Final Report Summary - CHASM (Convective Heat Transport and Stellar Magnetism)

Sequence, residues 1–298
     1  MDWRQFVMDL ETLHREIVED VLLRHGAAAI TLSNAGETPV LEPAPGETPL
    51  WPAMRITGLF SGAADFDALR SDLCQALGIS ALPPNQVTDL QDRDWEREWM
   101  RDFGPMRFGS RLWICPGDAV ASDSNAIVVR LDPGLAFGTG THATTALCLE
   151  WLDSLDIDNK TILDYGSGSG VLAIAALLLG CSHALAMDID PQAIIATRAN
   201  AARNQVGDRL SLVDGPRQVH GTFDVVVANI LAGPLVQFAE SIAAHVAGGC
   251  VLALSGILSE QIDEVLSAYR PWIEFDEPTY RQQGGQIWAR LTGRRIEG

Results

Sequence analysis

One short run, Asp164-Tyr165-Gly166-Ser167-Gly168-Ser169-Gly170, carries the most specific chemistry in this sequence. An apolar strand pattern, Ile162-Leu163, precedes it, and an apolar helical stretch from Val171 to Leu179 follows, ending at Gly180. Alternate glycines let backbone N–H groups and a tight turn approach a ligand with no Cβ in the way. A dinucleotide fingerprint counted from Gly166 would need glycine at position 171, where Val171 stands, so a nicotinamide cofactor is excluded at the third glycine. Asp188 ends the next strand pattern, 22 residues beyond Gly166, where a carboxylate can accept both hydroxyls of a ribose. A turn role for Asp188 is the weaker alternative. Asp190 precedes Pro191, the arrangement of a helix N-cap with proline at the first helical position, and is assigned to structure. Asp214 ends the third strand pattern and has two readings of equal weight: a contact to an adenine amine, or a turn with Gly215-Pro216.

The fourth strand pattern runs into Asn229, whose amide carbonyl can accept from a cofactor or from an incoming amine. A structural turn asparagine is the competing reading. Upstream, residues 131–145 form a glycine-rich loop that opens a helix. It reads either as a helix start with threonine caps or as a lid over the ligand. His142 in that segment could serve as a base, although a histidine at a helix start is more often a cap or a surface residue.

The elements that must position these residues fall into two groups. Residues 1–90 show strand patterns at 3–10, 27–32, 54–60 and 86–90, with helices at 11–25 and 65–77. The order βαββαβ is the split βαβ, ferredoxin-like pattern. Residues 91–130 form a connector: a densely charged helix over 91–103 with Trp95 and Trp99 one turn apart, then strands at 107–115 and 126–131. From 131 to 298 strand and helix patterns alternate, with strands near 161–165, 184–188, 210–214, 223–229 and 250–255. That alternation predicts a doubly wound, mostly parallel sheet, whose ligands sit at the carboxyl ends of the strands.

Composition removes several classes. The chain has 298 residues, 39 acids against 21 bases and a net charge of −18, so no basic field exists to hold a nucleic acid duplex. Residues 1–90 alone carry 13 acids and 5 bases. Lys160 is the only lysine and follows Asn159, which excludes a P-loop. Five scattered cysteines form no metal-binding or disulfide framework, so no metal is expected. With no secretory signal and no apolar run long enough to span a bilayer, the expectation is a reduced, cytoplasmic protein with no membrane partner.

Convection and magnetism are ubiquitous in stars and planets. All stars transport some of their energy by convective motions; so do many substellar objects (like planets or brown dwarfs). Magnetism is likewise common to many of these objects: the most famous example is our Sun, whose 22-year cycle of magnetic activity affects our society in myriad ways. Broadly, the CHASM project sought to develop more realistic models of the convection and magnetism in stellar and planetary interiors. Our work aimed, for example, to understand how the flows and fields depend on bulk stellar/planetary properties, and what effects these processes have on the overall structure and evolution of these objects. We used a multi-pronged approach involving both global-scale 3-D magnetohydrodynamic calculations — which model phenomena in great detail but can only capture a limited period in a star’s life — together with more localised simulations and analytical (or semi-analytical) theory. Our work yielded significant insight into how the convection, and in turn the magnetism, depends on the rotation rate or mass of the star. We also provided new constraints on how dynamo-generated fields rise to the surface of a star where they can be observed, how rotation and magnetism affect stellar radii, and how strong the magnetism can ultimately become.